Soon the band was working on original material. At this point, the band had no name. Someone suggested The Hostages and they soon had this moniker spray painted on all their speaker cabinets. None of the band members were particularly happy with this name, however. Fortunately, they wouldn’t have to wait long for a new name. Fate quickly intervened as one day after school, Tony was grudgingly working through a vocabulary assignment when he came across the word “Pariah.” The definition read “any person or animal generally despised, outcast.” Tony knew immediately that this would be the new name for the band and so it was.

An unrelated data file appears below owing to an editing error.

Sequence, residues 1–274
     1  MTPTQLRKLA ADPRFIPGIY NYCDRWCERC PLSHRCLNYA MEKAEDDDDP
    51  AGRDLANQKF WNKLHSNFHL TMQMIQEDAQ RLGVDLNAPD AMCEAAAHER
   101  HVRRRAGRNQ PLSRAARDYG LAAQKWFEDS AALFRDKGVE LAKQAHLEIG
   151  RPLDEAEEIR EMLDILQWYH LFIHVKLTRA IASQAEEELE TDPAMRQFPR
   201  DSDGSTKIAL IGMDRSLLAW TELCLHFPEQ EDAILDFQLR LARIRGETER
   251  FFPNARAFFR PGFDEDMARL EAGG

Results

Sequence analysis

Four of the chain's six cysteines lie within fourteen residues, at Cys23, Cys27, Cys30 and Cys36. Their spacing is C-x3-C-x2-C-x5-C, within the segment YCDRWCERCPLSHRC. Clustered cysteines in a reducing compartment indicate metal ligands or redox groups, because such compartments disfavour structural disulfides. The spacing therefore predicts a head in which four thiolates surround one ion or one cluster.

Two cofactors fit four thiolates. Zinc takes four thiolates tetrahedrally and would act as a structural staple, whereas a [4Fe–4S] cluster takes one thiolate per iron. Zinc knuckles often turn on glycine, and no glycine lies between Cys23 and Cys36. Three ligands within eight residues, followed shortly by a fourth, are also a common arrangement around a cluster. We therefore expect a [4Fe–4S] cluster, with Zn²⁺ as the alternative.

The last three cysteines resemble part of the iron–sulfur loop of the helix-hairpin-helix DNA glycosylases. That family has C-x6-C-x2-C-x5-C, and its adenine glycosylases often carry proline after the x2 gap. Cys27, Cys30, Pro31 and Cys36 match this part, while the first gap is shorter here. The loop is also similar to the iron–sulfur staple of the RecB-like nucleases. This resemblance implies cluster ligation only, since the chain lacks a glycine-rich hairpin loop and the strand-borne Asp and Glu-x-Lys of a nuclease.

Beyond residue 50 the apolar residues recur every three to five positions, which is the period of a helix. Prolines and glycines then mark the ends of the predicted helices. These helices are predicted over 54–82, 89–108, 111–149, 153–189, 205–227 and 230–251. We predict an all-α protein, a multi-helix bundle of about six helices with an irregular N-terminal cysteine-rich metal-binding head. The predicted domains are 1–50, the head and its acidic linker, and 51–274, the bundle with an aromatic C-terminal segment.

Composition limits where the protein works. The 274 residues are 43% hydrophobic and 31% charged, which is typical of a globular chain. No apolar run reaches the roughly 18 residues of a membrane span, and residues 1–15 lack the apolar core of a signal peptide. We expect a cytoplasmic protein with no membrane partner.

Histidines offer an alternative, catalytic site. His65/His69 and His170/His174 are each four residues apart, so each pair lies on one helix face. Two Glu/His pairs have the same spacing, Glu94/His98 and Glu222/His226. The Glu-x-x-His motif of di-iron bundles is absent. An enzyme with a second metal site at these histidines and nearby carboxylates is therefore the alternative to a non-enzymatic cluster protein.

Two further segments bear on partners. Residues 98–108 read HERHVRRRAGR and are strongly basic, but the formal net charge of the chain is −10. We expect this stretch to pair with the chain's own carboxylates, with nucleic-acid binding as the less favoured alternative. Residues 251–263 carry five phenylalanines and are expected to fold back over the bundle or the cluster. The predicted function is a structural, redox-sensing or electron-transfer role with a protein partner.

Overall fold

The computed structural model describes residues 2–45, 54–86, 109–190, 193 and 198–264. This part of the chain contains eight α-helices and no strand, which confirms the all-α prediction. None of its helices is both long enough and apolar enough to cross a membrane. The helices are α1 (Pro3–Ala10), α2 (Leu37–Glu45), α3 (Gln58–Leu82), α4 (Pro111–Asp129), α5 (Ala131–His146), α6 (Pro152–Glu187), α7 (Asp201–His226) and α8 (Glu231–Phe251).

The San Francisco bay area was a hotbed for the punk movement in the early eighties. Clubs like the Mabuhay Gardens, the On Broadway and The Stone were putting on amazing shows with legendary bands like The Dead Kennedys, The Circle Jerks, D.O.A., T.S.O.L, Black Flag and many others too numerous to mention. Pariah desperately wanted to be part of the scene and to play shows in the city. In order to obtain billing at these clubs, Pariah needed a demo that they could send to club owners. Setting an early precedent, Pariah went all the way and produced a 3-song EP mastered at the famous Fantasy Studios . While the EP was good enough to get the band booked, they still had to pay their dues. Their first show was at an unbelievable dive in the Turk District called The Sound of Music. Their first audience consisted of Tony’s then girlfriend, an obviously bored soundman and an alcoholic bar patron passed out at one of the tables. Pariah soon graduated to weeknight shows at the Mabuhay Gardens where the malicious soundman regularly introduced the band as “Piranha” and when he did pronounce the name correctly he would ask the audience “isn’t that a gum disease?” Undaunted, the band continued to work on their chops and write new songs.